Secondly, I find the whole video indicative of the way humour tends to be used to replicate the traditional structures of power in science, not buck them. There’s been a bit of a rise in science-related comedy in recent years, from the Science Museum’s Punk Science to the Infinite Monkey Cage. For all that we might imagine science to be a highly serious business, in many ways scientist and comedians are an obvious match.
A striking feature of comedy in modern Western societies is how much of it is based on the premise of some laughable imagined stupid Other person. Perhaps it is because so much of our lives is based on ideas of rationality we feel a need to laugh through the various anxieties we have about that. Or maybe we just need to feel superiorly rational. Whatever, science-based jokes offer a lot of material from which to build jokes about stupidity. George Bush’s dyslexia gags getting old? Try one about how there’s nothing in homeopathy.
As a result, the comedians largely side with scientists who can provide the knowledge. There are still a lot of jokes at the expense of scientists as a bit weird. The Big Bang Theory geek, for example. But in a way, that serves scientific authority too, painting them as a bit otherworldly, not really one of us and so hard to argue with. We don’t understand them which is why they are funny, but it’s also why they get to tell us what to do. Members of the scientific community may get angry at mad scientist serotypes, but in many ways, it offers them a lot of power.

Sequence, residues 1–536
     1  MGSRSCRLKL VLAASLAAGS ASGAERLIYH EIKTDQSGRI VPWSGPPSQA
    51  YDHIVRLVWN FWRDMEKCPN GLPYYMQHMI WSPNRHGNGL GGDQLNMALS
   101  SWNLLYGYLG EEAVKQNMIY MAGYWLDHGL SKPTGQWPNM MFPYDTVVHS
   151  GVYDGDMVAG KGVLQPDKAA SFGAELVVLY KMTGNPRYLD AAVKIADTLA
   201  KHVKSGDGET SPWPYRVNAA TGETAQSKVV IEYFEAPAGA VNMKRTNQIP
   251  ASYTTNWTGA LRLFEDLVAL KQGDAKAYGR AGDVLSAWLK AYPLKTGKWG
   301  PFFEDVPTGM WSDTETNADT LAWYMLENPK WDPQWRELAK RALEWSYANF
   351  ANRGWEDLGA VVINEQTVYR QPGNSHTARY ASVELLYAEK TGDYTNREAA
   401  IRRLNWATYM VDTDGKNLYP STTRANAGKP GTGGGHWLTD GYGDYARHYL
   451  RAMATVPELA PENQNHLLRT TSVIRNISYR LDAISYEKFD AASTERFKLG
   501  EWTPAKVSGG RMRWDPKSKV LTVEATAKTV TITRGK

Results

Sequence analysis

I wonder if the web played a role in people standing up against the It’s OK to be Smart video. Those who felt offended by the joke could find others and collect together to feel less isolated, more justified in calling it out. This context of the web also reminded me the way Richard Dawkins has become a figure of fun online. Previously isolated quiet admissions that “I don’t really like Dawkins much” has flourished online to a whole sub-culture of people who regularly respond to everything his tweets with the in-joke of “your a dick” (a response to this). There’s even an online game. This is new, and feels significantly different from something like Monkey Cage.
I’m not sure if laughing at Dawkins is really much progress from homeopathy jokes made by educationally privileged people at the expense of the confused. But the comparison between the two, as with the controversy surrounding Hanson’s Thanksgiving video, can remind us that humour in science isn’t simply a matter of finding new audiences to talk about science to. As is often the case with science in popular culture, science comedy reflects a politics and should be politically aware. We should ask whose humour, about whom, disrupting what exactly, and why? Not simply how do we make more of it.